We first see him when he’s snapping a shot of a dog and a homeless man scouring the same garbage can for food. We can tell the exact moment Hire clicks his shutter, without the cliché of cutting to the finished picture. Simon imbues Hire with surprisingly quick reflexes and a kind of curdled vitality. Although he’s resigned to being unloved and friendless, and he’s disillusioned about society to the point of indifference, his hyper-awareness of the people surrounding him keeps him sparked and on his toes. When he lowers his guard with Alice (Viviane Romance) and dares to be hopeful again, we’re alternately moved and distressed. With Alice, Hire can admit that his isolation is partly his own fault: “I’ve never told them who I am,” he says, referring to the others who shun him. (What a difference a translation makes! A previous one rendered that line, “How I have tried to explain to them who I am!”) Unfortunately, Alice rarely wavers in her devotion to Alfred (Patrick Bernard), a small-time crook who’s been working in a Villejuif garage and establishing himself as a regular guy while she took a rap for him and spent two years in the slammer.

Romance brings some feathery touches to her hard-edged jailbird. When she enters the picture, she cannily makes it seem as if she and Alfred have never been acquainted; she knows the cops are watching her, hoping she turns informer. She disdains Hire as a Peeping Tom when he peers at her across the courtyard of their residential hotel and then clumsily tries to apologize. But when he tells her that Alfred is a murderer, she gets rattled. The movie reaches an early emotional crescendo as Alfred callously confesses to romancing, robbing, then killing the middle-aged woman who was found strangled in a vacant lot when the carnival came to town. Duvivier keeps his camera trained on Romance’s face: she holds us in a vise as her limpid passion for Alfred suddenly freezes and becomes inscrutable. The beauty of a restoration like this one is that it allows us to savor every detail of Simon’s and Romance’s performances. The pressure Alice exerts not to betray her alarm comes out in the tremors that shake her chest and shoulders. Romance’s Alice is a fool for love. With everyone else she’s shrewd, but with Alfred, she’s a goner. Astonishingly, she even says she wishes prison had been tougher on her so she’d have greater proof of her devotion to her man. Any time he declares his love she tamps down her conscience or compassion for M. Hire. Will her better angels win out? Alice rarely frees herself enough from Alfred to become genuinely sympathetic, but she’s troubled when Hire becomes enthralled with her. What’s fascinating—or nearly tragic—about a woman like Alice is that she’s not as heartless as she thinks or puts on.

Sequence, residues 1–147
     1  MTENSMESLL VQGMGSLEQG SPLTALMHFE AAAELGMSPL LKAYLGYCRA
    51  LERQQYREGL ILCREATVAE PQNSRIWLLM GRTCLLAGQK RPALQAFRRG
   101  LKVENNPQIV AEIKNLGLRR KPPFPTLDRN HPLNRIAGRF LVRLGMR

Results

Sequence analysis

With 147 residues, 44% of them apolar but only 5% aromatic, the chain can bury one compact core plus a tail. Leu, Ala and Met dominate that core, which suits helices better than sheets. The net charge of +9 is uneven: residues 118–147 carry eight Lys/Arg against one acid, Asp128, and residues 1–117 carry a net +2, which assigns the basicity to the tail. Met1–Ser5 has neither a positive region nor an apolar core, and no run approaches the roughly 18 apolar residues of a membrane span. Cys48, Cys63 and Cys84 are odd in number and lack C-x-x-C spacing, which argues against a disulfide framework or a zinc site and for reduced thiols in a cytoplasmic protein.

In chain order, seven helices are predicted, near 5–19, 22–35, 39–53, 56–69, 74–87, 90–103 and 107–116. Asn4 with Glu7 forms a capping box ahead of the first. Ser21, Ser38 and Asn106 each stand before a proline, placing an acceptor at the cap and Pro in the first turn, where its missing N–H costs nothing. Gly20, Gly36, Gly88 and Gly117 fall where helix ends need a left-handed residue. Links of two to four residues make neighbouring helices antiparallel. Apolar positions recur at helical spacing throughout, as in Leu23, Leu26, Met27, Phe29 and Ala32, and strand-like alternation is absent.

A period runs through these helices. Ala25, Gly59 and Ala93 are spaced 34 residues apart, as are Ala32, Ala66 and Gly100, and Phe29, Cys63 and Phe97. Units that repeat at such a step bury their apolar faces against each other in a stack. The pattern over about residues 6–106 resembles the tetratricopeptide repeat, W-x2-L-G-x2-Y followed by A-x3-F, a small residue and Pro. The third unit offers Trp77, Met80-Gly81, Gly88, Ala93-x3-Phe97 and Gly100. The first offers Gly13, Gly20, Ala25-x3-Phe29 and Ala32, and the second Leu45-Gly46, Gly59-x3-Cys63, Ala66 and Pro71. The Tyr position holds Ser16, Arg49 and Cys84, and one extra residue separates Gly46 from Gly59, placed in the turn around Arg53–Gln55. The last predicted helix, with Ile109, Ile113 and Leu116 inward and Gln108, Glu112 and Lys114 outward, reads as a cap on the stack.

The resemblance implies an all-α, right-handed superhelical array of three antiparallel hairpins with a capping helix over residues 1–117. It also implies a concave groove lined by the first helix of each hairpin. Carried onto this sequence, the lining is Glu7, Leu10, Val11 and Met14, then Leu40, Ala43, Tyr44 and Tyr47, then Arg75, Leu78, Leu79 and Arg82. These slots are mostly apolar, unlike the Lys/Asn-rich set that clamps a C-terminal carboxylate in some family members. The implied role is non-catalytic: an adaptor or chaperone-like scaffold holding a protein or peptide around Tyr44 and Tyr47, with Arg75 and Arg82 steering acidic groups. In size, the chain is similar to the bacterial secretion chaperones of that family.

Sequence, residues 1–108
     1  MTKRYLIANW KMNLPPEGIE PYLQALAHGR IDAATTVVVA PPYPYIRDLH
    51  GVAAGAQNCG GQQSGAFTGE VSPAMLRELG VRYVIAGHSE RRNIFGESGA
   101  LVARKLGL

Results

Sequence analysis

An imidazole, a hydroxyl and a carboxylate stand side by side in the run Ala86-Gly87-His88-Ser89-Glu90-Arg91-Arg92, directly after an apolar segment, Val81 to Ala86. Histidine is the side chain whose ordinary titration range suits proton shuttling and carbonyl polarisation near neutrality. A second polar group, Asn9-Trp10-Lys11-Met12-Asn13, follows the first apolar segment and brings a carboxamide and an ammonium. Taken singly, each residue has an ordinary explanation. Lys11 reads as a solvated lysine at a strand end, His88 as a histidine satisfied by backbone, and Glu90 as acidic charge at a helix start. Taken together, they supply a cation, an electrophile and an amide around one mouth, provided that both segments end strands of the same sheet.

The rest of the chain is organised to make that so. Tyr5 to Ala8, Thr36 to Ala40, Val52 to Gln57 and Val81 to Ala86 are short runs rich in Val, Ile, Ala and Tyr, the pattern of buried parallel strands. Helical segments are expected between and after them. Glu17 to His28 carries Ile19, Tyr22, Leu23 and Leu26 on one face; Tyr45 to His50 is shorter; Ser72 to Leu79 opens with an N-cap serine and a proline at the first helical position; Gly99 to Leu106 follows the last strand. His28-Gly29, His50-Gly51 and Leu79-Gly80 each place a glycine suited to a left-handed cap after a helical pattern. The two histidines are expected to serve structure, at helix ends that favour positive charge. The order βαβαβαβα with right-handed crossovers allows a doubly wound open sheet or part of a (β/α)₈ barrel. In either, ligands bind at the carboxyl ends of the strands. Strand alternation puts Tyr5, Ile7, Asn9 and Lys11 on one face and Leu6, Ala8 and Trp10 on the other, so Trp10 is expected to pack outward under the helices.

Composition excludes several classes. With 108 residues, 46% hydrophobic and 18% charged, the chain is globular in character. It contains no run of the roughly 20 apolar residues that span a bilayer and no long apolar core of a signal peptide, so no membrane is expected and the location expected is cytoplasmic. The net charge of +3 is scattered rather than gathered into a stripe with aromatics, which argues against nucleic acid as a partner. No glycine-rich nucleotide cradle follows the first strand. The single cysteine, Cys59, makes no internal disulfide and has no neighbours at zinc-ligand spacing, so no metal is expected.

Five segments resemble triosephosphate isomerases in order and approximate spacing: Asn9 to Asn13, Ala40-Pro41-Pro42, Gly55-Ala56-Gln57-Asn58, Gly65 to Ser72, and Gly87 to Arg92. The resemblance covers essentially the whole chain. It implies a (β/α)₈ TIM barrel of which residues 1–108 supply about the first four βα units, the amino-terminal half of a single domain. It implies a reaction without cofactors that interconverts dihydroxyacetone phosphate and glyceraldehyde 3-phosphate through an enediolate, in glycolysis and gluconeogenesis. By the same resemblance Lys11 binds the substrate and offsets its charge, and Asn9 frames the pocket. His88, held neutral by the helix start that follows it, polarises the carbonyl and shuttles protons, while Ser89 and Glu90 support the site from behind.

Bernard plays Alfred with a scary comic edge: he’s not particularly powerful or intelligent, but he’s slippery and capable of anything. He can’t intimidate Hire when he enters “Doctor Varga’s” chambers. He can, though, emerge with enough details of strange books and astrological symbols to spread rumors that Hire possesses voodoo-like skills to mesmerize or kill innocent men and women. We can see why the residents of Villejuif lap it up; it’s like a tabloid nightmare come to life. Whether the action takes place in a seedy hotel room or a pack of bumper cars, Duvivier gears it to express the horror of his central idea: conformists can be swayed by anything from juicy gossip to bone-rattling carnival rides.